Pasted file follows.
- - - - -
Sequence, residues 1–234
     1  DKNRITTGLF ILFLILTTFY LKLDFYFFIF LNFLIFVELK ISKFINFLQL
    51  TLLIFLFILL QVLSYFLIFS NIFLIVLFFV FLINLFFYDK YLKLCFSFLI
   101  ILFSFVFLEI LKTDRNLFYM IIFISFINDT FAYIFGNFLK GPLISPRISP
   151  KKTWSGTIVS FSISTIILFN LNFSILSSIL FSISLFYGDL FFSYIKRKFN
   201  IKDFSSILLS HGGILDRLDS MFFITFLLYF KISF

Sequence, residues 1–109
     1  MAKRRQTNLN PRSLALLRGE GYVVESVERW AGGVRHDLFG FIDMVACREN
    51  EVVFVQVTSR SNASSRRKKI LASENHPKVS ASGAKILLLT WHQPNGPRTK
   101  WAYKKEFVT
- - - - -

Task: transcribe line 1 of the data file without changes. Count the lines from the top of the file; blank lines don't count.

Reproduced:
Sequence, residues 1–234